Peer-to-peer (P2P) Lending: Six months in
It has been slightly over 6 months, since July 2017, when I invested RM1,000.00 in P2P lending with Funding Societies Malaysia, one of the first P2P lending operator established in Malaysia.
If you have missed the write-up, you could pick it up HERE.
I’m glad to announce that I’ve completed two rounds of successful crowdfunding exercises since July 2017:
a one month tenure with an interest rate of 10.8%; and
a six month tenure with an interest rate of 10%.
In other words, I’ve got back my capital and interest as stipulated in the terms of these crowdfunding exercises.
But that is not quite the end. Instead, I’m just slowly churning this compounding interest machine to its fullest. The capital and interest received from crowdfunding exercises are reinvested into other crowdfunding exercises. I have four ongoing crowdfunding exercises at the moment (soon to be five). This is an investment strategy of minimising risks whilst maximising profit. Hence, even though I’ve only invested RM1,000.00 of my own money, I have effectively invested RM2,300.00 (see below picture).
Thanks to the vigorous due diligence conducted by Funding Societies Malaysia, in sieving out viable crowdfunding opportunities, not only did I make a handsome return from P2P lending but I also did not encounter any untoward events such as defaults. According to Funding Societies Malaysia, there hasn’t been any default in Malaysia.
The interest which I’ve received since July 2017 is RM60.68, of which RM12.44 was deducted for service fee (see above picture). This leaves me with a net interest of RM48.24 or 4.8% return from an investment of RM1,000.00. If all things being equal, a return of investment of 9% or more per annum, by July 2018, is looking promising indeed.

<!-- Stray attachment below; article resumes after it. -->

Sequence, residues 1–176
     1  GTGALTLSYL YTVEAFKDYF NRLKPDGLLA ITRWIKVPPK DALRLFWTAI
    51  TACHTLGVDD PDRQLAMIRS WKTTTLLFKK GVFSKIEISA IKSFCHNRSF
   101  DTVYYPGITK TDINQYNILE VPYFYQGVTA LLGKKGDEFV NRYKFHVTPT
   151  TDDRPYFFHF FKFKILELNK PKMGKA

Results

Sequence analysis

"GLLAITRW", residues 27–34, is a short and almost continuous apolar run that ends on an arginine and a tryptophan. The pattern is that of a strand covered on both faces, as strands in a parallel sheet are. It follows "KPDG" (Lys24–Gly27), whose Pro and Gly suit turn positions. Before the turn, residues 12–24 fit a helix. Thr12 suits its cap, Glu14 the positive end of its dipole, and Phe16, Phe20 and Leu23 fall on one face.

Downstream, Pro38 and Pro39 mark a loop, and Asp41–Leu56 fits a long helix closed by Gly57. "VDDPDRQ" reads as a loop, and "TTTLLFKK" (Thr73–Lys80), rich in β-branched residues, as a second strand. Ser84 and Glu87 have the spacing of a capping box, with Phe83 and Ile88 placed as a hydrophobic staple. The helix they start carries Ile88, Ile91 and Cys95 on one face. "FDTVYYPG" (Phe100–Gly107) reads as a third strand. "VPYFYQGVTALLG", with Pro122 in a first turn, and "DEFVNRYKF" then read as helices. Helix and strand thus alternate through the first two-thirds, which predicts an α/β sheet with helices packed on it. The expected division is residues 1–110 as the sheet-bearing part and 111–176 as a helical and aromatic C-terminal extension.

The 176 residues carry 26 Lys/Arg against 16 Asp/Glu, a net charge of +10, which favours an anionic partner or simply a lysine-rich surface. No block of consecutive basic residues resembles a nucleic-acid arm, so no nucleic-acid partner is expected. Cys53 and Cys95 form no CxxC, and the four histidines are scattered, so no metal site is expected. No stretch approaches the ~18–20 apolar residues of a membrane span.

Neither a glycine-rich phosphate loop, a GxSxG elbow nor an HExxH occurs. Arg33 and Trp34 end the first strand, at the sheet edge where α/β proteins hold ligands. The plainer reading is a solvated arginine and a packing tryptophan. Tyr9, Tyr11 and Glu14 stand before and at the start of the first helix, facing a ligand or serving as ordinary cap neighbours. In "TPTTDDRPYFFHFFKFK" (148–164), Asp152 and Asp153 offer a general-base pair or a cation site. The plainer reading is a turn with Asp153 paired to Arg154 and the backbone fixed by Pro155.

However, the beauty of P2P lending is that it is possible to achieve a compounded return of 18% per annum (before adjusting for service fees). The compounding potential can be unlocked if the monthly repayments from a crowdfunding exercise (yielding a 10% interest rate per annum) is reinvested, on a monthly basis, into other crowdfunding exercise (yielding a 10% interest rate per annum). In my experience, I have yet to come across a crowdfunding exercise, on Funding Societies Malaysia, which offers an interest rate of less than 10% per annum.
And if you’re wondering how does an 18% return of investment per annum measure up against other conventional investments? On average, most fixed deposits for a 12-month tenure offer about 3% interest rate or return. On top of such meagre return, your money is locked in for a 12-month period; deprived of any means of compounding. In other words, after 12 months, you will only make a return of 3% on your capital.
A potential compounded return of 18% per annum is also much higher than the return from funds such as Amanah Saham Malaysia which declared a 6 cents dividend for each RM1.00 invested or 6% return per annum for its last financial year.
Similarly, the average return from an investment in Real Estate Investment Trust or REIT is only expected to achieve an average return of 6.3% throughout 2017.
It is clear that a potential return of 18% per annum, from an investment in P2P lending, through Funding Societies Malaysia, would overshadow the returns of other types of conventional investment such as fixed deposit, Amanah Saham Malaysia or REIT, and at least in my case, relatively low risk.
Do you have any reservations about investing in P2P lending? If so, do drop a comment.
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This article is written in association with Funding Societies Malaysia.
evenu last edited by evenu
Hi - thanks for sharing your POV. I read it with interest.